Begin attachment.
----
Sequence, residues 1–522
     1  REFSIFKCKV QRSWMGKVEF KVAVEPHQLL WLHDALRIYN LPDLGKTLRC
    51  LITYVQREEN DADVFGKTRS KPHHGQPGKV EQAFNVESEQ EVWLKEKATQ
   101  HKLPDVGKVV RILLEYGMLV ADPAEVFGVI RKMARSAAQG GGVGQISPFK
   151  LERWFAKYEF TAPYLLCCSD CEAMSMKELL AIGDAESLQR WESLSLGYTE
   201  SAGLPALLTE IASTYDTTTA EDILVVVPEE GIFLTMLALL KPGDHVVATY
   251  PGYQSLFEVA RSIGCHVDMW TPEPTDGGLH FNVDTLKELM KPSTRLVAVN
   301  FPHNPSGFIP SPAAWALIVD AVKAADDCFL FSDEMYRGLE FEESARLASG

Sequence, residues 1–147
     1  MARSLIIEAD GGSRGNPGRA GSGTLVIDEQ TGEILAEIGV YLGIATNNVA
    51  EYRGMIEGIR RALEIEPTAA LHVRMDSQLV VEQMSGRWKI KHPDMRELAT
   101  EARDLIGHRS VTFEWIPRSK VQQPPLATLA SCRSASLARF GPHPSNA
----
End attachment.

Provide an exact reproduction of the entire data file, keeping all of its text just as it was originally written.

Sequence, residues 1–522
     1  REFSIFKCKV QRSWMGKVEF KVAVEPHQLL WLHDALRIYN LPDLGKTLRC
    51  LITYVQREEN DADVFGKTRS KPHHGQPGKV EQAFNVESEQ EVWLKEKATQ
   101  HKLPDVGKVV RILLEYGMLV ADPAEVFGVI RKMARSAAQG GGVGQISPFK
   151  LERWFAKYEF TAPYLLCCSD CEAMSMKELL AIGDAESLQR WESLSLGYTE
   201  SAGLPALLTE IASTYDTTTA EDILVVVPEE GIFLTMLALL KPGDHVVATY
   251  PGYQSLFEVA RSIGCHVDMW TPEPTDGGLH FNVDTLKELM KPSTRLVAVN
   301  FPHNPSGFIP SPAAWALIVD AVKAADDCFL FSDEMYRGLE FEESARLASG

Sequence, residues 1–147
     1  MARSLIIEAD GGSRGNPGRA GSGTLVIDEQ TGEILAEIGV YLGIATNNVA
    51  EYRGMIEGIR RALEIEPTAA LHVRMDSQLV VEQMSGRWKI KHPDMRELAT
   101  EARDLIGHRS VTFEWIPRSK VQQPPLATLA SCRSASLARF GPHPSNA